Wild Bunch The Story of A Sound System: Mixed by DJ Milo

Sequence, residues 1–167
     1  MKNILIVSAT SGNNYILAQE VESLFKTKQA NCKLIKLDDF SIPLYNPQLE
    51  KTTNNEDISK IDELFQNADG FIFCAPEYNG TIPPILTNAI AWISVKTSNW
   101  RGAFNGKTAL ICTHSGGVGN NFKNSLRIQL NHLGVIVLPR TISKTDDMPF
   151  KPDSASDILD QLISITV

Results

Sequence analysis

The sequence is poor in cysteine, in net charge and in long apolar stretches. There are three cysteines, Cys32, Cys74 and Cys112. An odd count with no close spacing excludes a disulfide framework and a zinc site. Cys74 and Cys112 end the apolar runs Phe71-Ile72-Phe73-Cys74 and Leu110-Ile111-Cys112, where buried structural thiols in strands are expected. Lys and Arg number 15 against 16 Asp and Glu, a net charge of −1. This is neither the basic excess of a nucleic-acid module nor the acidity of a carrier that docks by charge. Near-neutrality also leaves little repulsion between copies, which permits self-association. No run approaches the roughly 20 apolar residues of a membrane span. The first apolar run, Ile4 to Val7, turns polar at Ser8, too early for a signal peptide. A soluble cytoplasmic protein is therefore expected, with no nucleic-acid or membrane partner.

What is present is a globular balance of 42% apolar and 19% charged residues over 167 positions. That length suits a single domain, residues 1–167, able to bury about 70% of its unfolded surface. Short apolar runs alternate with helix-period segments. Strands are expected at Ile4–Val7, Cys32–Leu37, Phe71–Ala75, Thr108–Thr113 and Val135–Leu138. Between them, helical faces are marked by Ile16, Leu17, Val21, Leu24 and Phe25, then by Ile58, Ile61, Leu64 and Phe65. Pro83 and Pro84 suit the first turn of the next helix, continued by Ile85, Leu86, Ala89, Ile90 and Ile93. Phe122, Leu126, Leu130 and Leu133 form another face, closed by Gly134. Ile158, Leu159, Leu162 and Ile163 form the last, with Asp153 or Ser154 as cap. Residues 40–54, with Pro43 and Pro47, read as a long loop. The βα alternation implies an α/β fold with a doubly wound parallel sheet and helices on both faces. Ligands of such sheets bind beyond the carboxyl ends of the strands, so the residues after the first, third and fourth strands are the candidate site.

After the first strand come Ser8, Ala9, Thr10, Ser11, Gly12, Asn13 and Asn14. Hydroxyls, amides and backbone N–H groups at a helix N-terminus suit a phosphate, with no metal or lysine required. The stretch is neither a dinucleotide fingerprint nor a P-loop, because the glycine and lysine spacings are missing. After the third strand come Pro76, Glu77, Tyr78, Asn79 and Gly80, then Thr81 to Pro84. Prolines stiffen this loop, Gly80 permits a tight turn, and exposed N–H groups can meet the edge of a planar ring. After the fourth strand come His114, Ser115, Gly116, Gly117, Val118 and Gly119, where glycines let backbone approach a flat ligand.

Back in the day before I was a teenager in Bristol, England, I found myself at a daytime hip-hop party where DJ and MC competitions were going on. In between the music, a man grabbed the mic and constantly reminded the crowd to hang around as the Wild Bunch were going to play a set, apparently their first in quite some time. I'd vaguely heard the name before and decided to stick around for a bit, but as nightfall and parental trouble beckoned, with no sign of the Wild Bunch on stage, I retreated home. Of course the Wild Bunch would go on to have a seismic effect on music in general, with Nelle Hooper leaving to be a key figure in the success of the Soul II Soul sound system and become a successful producer in his own right, while most of the remaining members became the highly influential Massive Attack. However, DJ Milo, who is basically credited with creating what has often been termed, for better or worse, "the Bristol sound,” left England and didn't partake in the success of these groups. However, he's been coaxed out of seclusion to put together what turns out to be a stunning set, if not a historical document of sorts. The first half of this set is of very early ’80s hip-hop featuring oft-sampled classics like T La Rock's "It's Yours" and Spoonie Gee's "Love Rap" among its rare selections. Later, the set blends smile-inducing rare groove gems from Evelyn "Champagne” King, Teena Marie and Empress, while DJ Milo's sound system archives of fervent whistle blowing contingents provides a tangible rush. But while highly enjoyable, there's a method to DJ Milo's selections, as it reveals the blueprint for the often-imitated sound Bristol became known. The use of those stark ’80s hip-hop breakbeats fused together with soul vocals was the foundation of early Wild Bunch releases, like the radical reworking of Burt Bacharach's "The Look of Love," which appropriately ends this disc. Even though I often regret not hanging around to hear that set, the music presented here represents the spirit of the sounds I heard in my youth and the logical progression that was to follow. (Strut)